Technical Paper

Effect of Water Injection Temperature on Characteristics of Combustion and Emissions for Internal Combustion Rankine Cycle Engine

The present work discusses a novel oxyfuel combustion method named internal combustion rankine cycle (ICRC) used in reciprocating engines. Water is heated up through heat exchanger by exhaust gas and engine cooling system, and then injected into the cylinder near top dead center to control the combustion temperature and in-cylinder pressure rise rate, meanwhile to enhance the thermo efficiency and work of the combustion cycle. That is because injected water increases the mass of the working fluid inside the cylinder, and can make use of the combustion heat more effectively. Waste heat carried away by engine coolant and exhaust gas can be recovered and utilized in this way. This study investigates the effect of water injection temperature on the combustion and emission characteristics of an ICRC engine based on self-designed test bench. The results indicate that both indicated work and thermal efficiency increase significantly due to water injection process.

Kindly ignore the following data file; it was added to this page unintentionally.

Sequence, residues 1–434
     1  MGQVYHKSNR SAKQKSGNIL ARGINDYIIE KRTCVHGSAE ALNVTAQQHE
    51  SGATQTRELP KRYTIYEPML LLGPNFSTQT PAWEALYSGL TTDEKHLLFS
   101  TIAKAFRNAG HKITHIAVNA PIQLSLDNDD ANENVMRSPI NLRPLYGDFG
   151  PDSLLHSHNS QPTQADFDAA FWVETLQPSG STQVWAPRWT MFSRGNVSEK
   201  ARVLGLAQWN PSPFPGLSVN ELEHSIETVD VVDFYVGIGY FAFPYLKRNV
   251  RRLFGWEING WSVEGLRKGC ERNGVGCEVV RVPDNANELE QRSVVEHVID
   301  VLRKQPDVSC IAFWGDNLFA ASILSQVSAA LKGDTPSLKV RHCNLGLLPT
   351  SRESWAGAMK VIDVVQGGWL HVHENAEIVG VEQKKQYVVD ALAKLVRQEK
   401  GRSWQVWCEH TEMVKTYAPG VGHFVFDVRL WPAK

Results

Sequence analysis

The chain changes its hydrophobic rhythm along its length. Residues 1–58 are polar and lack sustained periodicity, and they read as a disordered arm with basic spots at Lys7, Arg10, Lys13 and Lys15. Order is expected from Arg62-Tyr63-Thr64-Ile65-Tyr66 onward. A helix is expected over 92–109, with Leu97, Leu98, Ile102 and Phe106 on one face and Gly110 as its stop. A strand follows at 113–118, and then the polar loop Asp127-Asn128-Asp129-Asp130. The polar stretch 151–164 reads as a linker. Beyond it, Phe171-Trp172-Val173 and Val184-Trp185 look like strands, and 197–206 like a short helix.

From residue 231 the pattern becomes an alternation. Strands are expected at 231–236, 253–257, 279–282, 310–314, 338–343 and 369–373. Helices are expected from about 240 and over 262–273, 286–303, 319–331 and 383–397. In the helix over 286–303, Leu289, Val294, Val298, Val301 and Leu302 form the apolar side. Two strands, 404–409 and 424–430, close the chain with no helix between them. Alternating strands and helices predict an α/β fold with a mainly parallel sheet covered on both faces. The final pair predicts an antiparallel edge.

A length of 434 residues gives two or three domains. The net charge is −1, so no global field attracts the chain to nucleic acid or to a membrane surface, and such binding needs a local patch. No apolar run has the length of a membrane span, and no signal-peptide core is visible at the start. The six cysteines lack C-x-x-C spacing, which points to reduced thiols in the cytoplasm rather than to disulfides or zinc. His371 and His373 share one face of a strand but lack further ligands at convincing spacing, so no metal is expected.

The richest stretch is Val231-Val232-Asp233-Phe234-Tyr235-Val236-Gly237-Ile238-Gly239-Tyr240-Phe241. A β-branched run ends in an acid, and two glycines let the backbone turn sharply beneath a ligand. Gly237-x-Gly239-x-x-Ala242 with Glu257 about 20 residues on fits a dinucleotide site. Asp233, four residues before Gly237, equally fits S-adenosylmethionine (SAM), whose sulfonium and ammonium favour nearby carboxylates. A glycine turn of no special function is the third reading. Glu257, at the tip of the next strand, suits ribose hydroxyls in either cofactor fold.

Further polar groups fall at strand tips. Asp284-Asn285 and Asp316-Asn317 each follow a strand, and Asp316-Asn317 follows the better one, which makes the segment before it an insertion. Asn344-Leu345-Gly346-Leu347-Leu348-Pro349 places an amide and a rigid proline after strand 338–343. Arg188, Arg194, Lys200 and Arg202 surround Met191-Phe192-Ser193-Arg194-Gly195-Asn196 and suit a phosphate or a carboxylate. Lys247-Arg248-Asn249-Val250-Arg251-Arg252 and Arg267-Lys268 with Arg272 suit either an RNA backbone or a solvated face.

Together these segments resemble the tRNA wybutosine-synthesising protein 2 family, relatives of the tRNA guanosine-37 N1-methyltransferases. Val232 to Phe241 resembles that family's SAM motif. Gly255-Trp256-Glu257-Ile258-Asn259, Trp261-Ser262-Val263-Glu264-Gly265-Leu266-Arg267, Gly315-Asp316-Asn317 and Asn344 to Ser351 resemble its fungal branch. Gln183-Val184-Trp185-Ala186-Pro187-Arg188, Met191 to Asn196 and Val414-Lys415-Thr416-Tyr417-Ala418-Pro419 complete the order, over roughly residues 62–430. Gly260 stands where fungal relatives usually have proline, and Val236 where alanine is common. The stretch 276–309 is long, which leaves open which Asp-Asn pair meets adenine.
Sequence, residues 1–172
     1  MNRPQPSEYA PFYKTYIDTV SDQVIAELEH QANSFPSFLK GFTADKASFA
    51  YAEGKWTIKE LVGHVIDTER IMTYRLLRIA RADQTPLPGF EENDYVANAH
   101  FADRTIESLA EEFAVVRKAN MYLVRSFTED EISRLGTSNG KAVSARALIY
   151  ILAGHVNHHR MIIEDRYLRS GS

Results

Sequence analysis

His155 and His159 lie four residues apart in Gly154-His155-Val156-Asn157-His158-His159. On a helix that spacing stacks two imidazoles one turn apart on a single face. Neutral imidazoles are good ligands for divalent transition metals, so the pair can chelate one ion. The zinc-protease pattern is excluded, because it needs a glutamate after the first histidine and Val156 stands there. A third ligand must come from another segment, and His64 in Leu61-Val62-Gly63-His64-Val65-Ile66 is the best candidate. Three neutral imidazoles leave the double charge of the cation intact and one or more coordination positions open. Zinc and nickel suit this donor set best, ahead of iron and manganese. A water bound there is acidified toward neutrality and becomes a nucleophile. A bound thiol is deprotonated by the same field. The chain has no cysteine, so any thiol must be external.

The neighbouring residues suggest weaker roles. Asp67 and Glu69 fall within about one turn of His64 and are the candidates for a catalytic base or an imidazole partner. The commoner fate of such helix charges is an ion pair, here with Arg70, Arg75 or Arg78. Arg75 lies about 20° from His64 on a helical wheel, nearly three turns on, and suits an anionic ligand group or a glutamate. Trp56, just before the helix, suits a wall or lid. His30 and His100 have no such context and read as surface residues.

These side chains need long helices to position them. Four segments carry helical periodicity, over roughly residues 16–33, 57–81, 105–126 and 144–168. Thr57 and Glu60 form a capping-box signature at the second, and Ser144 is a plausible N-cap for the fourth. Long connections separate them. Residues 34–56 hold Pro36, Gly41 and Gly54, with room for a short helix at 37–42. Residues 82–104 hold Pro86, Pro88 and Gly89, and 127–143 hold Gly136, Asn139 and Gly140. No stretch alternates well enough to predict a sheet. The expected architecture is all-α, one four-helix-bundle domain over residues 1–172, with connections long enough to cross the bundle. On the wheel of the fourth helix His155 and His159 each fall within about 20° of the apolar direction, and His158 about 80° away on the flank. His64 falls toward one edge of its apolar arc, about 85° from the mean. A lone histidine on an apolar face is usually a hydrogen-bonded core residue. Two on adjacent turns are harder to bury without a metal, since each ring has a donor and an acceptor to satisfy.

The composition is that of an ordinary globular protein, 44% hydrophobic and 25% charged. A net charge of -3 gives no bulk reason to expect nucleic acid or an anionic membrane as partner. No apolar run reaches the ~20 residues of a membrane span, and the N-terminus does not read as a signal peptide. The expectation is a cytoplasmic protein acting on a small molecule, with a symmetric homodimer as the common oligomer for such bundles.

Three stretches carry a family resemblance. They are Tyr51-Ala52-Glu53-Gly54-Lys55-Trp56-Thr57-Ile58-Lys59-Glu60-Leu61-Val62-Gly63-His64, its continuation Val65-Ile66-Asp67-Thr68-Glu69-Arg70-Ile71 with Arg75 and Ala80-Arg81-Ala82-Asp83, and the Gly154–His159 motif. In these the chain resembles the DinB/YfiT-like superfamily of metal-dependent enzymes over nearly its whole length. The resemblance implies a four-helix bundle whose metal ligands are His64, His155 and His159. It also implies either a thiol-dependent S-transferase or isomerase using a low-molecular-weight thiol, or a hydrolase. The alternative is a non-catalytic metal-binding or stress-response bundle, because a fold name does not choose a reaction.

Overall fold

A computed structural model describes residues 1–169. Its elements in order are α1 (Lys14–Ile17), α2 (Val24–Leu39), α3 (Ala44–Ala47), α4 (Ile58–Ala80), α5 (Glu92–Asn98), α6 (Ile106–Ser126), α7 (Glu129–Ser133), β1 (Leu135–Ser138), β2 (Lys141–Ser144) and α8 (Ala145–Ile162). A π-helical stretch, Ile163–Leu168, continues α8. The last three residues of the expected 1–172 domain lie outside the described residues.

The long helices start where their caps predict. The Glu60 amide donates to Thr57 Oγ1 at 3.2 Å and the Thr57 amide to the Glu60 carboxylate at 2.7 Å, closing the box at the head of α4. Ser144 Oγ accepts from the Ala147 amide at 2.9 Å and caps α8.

Technical Paper

Closed Loop Control of SI/HCCI Combustion Mode Switch Based on Ion Current Feedback